Mistakes dog owners make.

For as long as I can remember it was strange how some dog owners have well mannered dogs without problems and other owners always struggled with their dogs. My Mom, for example, never struggled with her dogs. I myself inherited my canine philosophy from her. It happens to be very similar to that of Cesar Millan. He just added words and concepts to my existing actions.

For the past few years I have been involved with the Clever Companion dog school in Riebeeckstad. My primary role is to evaluate the owners and dogs and then advise the owners on the best strategy for their situation. Of course, it is important to read the dogs’ energy correctly which can be hampered by the actions of the owners. Even harder is to get through the background noise the owners make to get to the real situation. Most problem dogs are the result of things the owners do, whether consciously or unconsciously.

Here are some of my observations regarding problem dogs / owners:

  1. Dog owners think of their dogs as children. They act as if the dog is a human. My mother’s most important rule was: A dog is not a human and must know its place. No negotiation. Humanization leads to a number of behavioral problems that only keep getting worse.
  2. People abdicate their leadership role to their dogs. Most dogs are not meant for this which causes stress and leads to behavioral problems.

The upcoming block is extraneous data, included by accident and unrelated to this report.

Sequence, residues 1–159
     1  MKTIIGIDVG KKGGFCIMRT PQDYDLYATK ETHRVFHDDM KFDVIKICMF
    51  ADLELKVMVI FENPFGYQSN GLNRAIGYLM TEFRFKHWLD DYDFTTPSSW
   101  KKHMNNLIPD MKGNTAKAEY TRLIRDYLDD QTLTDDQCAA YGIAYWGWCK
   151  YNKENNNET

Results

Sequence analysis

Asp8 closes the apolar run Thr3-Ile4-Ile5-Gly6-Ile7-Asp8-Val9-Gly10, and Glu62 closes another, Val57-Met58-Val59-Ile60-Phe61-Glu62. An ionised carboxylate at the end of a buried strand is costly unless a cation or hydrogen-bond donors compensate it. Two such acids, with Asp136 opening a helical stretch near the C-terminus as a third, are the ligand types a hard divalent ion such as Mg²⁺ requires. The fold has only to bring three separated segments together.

3. Dogs sleep on the owner’s bed. It evokes in the dog a feeling of elevated status and feels the owner is subordinate. Then people do not understand why the dog does not listen to them or acts dominant.
  4. People buy dogs because they are cute and do not even think about the dog having to fit in with their energy. This is probably the biggest reason why dogs are put away.
  5. Owners are under the false impression that their dogs will protect them therefore they buy some “angry” kind of dog breed. Unless you are the absolute leader of your pack, your dog will probably not protect you. He would rather act to save his own hide.

My best advice to prospective dog owners is to get (1) a dog with energy that matches the owner’s energy. (2) Ensure that the owner is the absolute leader of the herd. (3) To be aware at all times that a dog is an animal and needs structure. Rules, boundaries and limitations (Cesar Milan)

This does not imply you can not love your animals. Animals understand respect and trust, not love. So make sure you respect your dogs, in other words show your love by respecting them.